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Guide for Emergency Preparedness and Correct Action in Emergency Situations

Federal Office of Civil Protection and Disaster Assistance (BBK), (2017)

Stay­ing sa­fe in spi­te of a di­sas­ter. What can you do for your sa­fe­ty in the event of a di­sas­ter? In spring 2013, af­ter weeks of rain, who­le are­as of southern, eas­tern and nor­thern Ger­ma­ny we­re be­set by ca­ta­stro­phic floods. Sett­le­ments va­nis­hed in the floods up to the roofs of the hou­ses, tens of thou­sands of emer­gen­cy per­son­nel and vol­un­teers strug­gled against the wa­ter with sand­bags. Vil­la­ges and parts of towns had to be eva­cua­ted, and the ci­ti­zens we­re on­ly ab­le to ta­ke the es­sen­ti­als with them. Di­sas­ters are part of li­fe. Al­most eve­ry day, we can read about di­sas­ters and lar­ges­ca­le emer­gen­cies in a va­rie­ty of me­dia and see the images of de­struc­ti­on and suf­fe­ring. The­se are not just ma­jor di­sas­ters which af­fect lar­ge are­as for a long ti­me. Lo­cal tor­ren­ti­al rain, a se­ve­re storm, an elec­tric power break­down re­sul­ting from such a storm, or a hou­se fi­re can trig­ger a ve­ry per­so­nal di­sas­ter for each in­di­vi­du­al, each fa­mi­ly, which has to be over­co­me. Ta­ke the ti­me to con­tem­pla­te your per­so­nal emer­gen­cy plan­ning. This bro­chu­re aims to help you to de­ve­lop your per­so­nal pre­pa­red­ness plan. The brochure is also available in different languages:

International Health Regulations (2005) and chemical events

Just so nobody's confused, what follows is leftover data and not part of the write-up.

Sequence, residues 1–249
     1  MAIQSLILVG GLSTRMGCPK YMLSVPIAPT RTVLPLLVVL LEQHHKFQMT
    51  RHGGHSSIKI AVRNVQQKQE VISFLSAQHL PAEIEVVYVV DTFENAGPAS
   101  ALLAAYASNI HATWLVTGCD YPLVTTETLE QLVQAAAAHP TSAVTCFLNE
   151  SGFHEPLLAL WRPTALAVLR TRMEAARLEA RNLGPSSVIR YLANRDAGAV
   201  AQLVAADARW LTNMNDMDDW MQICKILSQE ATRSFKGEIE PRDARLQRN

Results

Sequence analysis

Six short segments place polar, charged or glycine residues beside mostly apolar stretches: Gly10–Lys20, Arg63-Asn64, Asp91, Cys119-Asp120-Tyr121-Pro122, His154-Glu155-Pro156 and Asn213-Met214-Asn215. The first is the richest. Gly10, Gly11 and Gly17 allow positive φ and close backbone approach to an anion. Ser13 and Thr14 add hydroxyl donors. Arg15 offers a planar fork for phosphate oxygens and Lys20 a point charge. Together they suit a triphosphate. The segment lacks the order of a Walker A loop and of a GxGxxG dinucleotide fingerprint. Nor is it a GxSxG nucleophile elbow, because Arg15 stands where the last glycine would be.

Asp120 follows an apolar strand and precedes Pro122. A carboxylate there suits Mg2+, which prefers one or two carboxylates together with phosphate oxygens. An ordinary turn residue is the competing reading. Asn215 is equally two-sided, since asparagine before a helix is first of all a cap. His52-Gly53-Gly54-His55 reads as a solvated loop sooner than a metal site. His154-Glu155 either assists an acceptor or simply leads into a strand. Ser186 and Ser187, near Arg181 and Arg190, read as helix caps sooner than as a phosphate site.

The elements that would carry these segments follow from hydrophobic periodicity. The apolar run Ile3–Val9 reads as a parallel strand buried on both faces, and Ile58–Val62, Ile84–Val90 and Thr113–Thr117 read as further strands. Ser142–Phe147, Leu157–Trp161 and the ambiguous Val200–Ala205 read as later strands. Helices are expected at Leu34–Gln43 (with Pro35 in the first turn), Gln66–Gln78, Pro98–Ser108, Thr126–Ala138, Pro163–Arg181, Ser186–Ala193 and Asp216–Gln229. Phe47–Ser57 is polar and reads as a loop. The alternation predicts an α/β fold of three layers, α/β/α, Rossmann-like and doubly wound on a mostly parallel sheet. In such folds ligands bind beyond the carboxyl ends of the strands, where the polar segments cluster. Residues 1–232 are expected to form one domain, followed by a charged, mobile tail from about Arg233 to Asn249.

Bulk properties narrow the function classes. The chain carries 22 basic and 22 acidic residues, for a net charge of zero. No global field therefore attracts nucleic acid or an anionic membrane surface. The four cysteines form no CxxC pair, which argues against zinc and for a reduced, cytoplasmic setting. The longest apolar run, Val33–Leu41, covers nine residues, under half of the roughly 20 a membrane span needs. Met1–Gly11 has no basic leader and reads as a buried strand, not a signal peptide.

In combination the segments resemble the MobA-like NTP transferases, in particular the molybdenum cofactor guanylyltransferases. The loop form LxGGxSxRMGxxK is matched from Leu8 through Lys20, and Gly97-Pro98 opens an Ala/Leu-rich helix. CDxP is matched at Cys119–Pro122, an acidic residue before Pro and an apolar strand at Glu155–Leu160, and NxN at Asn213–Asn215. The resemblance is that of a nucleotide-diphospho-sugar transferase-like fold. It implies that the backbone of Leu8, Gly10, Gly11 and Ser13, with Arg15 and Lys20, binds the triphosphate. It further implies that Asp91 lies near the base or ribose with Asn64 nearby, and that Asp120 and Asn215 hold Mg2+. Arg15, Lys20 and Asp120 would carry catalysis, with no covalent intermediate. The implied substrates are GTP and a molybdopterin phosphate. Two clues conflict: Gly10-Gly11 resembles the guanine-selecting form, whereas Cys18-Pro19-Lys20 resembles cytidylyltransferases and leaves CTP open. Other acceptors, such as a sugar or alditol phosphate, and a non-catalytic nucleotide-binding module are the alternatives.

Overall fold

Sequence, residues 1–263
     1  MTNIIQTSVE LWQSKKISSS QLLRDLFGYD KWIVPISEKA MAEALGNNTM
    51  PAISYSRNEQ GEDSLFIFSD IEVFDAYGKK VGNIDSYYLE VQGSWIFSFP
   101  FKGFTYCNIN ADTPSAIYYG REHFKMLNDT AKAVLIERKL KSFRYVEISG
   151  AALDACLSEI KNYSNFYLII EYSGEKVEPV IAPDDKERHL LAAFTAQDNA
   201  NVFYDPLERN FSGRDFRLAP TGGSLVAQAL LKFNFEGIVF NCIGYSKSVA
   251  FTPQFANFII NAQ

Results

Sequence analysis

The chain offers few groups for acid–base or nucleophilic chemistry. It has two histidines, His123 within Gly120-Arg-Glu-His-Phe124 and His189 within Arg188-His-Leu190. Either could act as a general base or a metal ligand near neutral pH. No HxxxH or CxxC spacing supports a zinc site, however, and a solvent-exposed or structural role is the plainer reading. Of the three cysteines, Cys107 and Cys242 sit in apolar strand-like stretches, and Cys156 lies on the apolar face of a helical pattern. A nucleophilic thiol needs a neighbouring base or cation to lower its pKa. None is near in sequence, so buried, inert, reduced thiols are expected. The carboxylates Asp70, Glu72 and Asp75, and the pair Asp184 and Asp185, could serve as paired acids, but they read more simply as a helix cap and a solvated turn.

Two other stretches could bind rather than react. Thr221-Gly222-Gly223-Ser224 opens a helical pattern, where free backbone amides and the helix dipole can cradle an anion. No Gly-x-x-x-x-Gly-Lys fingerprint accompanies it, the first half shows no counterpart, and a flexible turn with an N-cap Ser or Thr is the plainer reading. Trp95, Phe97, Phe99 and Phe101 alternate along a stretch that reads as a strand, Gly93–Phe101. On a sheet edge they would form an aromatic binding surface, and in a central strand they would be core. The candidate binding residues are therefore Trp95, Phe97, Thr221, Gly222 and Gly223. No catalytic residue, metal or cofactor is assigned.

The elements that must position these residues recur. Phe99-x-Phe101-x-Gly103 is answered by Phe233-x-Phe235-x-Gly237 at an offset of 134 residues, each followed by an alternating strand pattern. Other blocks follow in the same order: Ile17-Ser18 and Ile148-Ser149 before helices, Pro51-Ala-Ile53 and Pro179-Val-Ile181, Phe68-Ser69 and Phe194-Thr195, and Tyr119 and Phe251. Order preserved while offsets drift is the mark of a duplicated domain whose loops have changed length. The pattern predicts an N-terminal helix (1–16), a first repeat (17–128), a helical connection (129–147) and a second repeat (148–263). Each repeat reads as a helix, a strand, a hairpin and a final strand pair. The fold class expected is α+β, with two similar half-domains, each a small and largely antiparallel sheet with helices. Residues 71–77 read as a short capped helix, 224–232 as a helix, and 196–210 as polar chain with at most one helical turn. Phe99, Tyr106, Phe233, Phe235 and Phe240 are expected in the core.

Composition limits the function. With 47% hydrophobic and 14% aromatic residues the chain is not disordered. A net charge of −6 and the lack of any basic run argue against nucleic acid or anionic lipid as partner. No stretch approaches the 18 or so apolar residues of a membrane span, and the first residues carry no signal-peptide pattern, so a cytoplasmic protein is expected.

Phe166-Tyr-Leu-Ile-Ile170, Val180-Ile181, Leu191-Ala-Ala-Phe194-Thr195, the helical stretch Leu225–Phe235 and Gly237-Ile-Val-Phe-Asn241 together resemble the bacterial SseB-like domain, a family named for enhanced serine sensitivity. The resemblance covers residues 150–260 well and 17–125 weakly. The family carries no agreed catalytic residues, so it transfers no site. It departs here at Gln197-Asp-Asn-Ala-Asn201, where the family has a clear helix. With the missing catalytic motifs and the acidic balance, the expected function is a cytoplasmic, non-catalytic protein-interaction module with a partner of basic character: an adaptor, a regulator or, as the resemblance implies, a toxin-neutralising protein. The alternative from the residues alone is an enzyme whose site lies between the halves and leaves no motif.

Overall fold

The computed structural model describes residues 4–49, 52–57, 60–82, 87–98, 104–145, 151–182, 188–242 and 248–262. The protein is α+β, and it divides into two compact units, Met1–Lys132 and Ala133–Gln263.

World Health Organization , (2015)

In 2005, the World Health Organization (WHO) Member States adopted the revised International Health Regulations (IHR) (2005). The Regulations provide a unique public health framework in the form of obligations and recommendations that enable countries to better prevent, prepare for and respond to public health events and emergencies of potential international concern, including chemical events.

Decontamination using the 'rine-wipe-rinse' technique

World Health Organization , (2018)

Initial clinical management of patients exposed to clinical weapons: Emergency wet decontamination using the 'rinse-wipe-rinse' technique is simple, effective and requires minimal equipment and training. This technique may be adapted to the situation and available resources. Also available in Arabic:

Initial clinical management of patients exposed to chemical weapons: Basic Equipment for Emergency

World Health Organization, (2018)

Arabic version available:

Signs and symptoms of chemical exposure

World Health Organization, (2018)

Arabic version available:

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